Keeping pace with high performing insulating glass products is a struggle for quality control, specially when it comes to insulating gas retention. The new non-invasive testing method makes it possible to measure gas concentration on even the most complex insulating glass structures and deliver tested products to end-users.
Glazing products today have higher and higher performance needs, and the requirements for better products are growing steadily. Today’s glass products carry a wide range of elements enhancing their properties. One main property is the energy efficiency in both heated and cooled buildings. The energy properties can be enhanced with various methods, such as coatings, multiple glass layers and inserting a medium in between. The medium can be normal air, vacuum or specific gas – typically argon or krypton.
A common insulating enhancement in modern insulating glass (IG) unit is filling it with argon or krypton gas. The insulating gas is applied to the cavity either during the manufacturing process at gas press station, or manually to the ready-made units. The challenges are confirming the correct filling degree and ensuring that the initial gas concentration will remain inside the insulating glass unit (IGU). A gas escape could occur from improper sealing of the IGU, and this needs to be tested prior to shipping the IG to customers. Product liability for the insulating glass and window suppliers can last several years after the initial delivery of the product. Thus, they are looking ways to increase the security of the gas fill.
Even though clear standards do not exist in all areas, the industry and manufacturers have formed best practices to produce high quality insulating glass. The fact that small molecule gas is prone to leakage is a challenge, and thus manufacturers aim to ensure the maximum possible content of argon after the gas filling – typically 95% and over.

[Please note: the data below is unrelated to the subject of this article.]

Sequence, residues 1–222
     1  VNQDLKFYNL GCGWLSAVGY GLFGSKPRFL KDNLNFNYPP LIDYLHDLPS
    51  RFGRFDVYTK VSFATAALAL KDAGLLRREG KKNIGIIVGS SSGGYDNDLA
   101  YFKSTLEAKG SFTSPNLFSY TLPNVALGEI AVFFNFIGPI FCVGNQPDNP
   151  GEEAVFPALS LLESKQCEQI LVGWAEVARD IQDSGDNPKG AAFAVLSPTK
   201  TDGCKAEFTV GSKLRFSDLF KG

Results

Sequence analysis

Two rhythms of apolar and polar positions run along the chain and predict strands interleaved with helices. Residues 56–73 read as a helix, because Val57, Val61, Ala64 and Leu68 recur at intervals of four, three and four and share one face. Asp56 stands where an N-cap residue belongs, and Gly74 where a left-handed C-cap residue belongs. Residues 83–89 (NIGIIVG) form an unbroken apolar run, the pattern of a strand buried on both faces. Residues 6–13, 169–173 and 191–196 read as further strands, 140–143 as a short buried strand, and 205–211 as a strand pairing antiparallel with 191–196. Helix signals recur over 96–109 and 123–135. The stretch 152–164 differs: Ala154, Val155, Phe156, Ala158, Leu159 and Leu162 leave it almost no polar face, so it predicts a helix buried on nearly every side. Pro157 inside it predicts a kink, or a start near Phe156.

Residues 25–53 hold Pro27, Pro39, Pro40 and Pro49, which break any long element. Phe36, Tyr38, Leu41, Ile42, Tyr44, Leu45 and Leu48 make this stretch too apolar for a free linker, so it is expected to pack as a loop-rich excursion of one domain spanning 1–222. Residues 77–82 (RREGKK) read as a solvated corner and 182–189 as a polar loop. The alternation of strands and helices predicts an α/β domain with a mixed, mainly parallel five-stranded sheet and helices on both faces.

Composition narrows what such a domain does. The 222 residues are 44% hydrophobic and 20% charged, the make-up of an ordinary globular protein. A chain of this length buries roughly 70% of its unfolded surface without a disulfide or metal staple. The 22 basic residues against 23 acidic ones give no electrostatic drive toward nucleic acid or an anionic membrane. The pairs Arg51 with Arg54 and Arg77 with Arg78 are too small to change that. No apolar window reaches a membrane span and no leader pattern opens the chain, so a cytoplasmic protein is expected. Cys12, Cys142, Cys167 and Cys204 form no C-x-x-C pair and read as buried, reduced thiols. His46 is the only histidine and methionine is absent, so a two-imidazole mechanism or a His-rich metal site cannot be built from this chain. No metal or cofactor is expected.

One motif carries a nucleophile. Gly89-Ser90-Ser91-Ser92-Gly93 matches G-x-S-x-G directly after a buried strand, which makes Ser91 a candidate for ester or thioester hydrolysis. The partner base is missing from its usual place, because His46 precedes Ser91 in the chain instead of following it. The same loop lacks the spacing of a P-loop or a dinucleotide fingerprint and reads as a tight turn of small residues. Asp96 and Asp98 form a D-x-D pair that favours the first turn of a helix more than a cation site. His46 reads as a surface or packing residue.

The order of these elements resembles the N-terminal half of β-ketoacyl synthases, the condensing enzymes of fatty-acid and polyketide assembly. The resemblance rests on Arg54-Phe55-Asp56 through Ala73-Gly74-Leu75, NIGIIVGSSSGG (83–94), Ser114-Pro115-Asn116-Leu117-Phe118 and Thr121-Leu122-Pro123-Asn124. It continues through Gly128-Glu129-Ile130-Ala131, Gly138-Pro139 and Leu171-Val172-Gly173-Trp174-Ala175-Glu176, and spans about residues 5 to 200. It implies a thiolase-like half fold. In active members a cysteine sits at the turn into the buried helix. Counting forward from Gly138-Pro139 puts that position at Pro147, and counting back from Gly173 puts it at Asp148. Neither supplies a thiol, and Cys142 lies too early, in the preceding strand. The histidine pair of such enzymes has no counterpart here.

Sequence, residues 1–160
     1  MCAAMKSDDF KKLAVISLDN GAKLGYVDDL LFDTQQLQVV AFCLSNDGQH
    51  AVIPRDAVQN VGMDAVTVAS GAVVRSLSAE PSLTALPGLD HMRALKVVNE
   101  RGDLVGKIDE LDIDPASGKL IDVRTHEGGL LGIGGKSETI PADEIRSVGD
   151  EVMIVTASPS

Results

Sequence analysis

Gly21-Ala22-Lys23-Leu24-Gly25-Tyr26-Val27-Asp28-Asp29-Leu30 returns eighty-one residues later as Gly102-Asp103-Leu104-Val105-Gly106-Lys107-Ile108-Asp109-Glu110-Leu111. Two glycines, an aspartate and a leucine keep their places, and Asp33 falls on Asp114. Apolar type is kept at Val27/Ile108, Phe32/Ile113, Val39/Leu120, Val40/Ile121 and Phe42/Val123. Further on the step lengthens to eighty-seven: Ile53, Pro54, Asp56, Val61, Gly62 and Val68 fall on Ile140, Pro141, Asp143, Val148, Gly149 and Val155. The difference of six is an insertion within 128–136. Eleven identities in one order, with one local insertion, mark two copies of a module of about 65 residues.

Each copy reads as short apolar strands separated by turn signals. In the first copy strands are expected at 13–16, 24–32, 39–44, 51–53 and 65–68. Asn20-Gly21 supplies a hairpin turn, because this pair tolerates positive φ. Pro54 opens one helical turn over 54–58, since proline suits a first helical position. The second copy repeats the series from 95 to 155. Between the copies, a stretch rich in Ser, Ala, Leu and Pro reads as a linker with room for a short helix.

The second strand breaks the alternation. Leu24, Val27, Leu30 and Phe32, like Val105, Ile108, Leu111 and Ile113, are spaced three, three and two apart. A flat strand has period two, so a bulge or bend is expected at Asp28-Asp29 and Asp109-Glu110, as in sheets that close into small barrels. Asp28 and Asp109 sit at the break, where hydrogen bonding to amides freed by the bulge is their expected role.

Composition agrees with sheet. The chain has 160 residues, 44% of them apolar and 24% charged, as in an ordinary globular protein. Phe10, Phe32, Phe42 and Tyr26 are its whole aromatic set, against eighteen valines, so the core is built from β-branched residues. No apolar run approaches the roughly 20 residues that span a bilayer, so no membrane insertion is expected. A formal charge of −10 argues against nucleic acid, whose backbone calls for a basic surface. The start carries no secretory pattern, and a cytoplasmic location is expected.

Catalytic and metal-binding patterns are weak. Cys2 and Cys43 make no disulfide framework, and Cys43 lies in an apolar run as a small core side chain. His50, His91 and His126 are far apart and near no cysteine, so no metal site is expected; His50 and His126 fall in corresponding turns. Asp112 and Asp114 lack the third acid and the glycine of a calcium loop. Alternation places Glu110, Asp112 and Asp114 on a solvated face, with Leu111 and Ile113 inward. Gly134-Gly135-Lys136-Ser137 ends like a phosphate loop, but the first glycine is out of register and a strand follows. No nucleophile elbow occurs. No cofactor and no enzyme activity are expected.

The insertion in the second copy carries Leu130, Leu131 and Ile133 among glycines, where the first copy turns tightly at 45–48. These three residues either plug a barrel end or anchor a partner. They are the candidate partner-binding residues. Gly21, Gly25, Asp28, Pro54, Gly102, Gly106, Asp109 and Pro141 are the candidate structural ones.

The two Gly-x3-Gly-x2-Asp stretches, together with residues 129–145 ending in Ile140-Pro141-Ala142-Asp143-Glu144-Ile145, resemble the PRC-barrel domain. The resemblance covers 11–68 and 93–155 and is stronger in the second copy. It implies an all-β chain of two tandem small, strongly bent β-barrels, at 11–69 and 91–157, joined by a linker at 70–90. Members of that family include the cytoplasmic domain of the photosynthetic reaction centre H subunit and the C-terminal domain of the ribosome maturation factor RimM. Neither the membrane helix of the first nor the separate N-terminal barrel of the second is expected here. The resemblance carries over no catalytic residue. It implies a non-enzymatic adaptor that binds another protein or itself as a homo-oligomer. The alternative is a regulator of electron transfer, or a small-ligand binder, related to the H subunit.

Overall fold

The actual argon measurement can be conducted either with an invasive or non-invasive method. The invasive method penetrates through the sealing of the IGU and the gas sample is calculated automatically. These are generally affordable and robust technologies with good accuracy, but require breaking the IG structure. In practice this means that the IGU can not be delivered to the customer or retested.
The non-invasive method allows measuring the glass without breaking the IGU. The most commonly used non-invasive method utilizes a spark that is ignited through the glass. Based on the color of the ionized gas, the argon content is calculated automatically. This method is fast and accurate and used widely on double glazed units as measuring can be done from monolithic glass side for the non-coated surfaces. The non-invasive method can be repeated as many times as the quality system or the end-user requires. The limitation of spark technology is that it can measure double-glazed units with just one low-e coating.
The latest advancement in measuring technology solves the issues attached to currently used methods to test insulating glass gas concentration. The new laser based technology is capable to measure non-invasively through coatings and laminations.
The new technology allows testing of complicated structures, such as energy efficient triple glazed units. This brings the level of quality assurance of these high performing glazing units at pair with advanced product expectations. As the laser technology measures non-invasively the oxygen level, it can measure the percentage of any gas.
The new technology applies modulated laser beam into the IG, and by measuring the reflection, intensity and harmonic changes in signal it can determine the oxygen content inside the cavity. Oxygen concentration can be then converted into insulation gas percentage. The most commonly used gases are argon and krypton.
Having gas content information from every piece of the unit produced can be used in efficient quality control of the production line. The laser-based system is possible to be installed on-line and connected to the production control software or to the control system of the production line. Quality control in today’s factory operations plays an ever-increasing role that is not only seen as eliminating the rejects but also as a sales argument.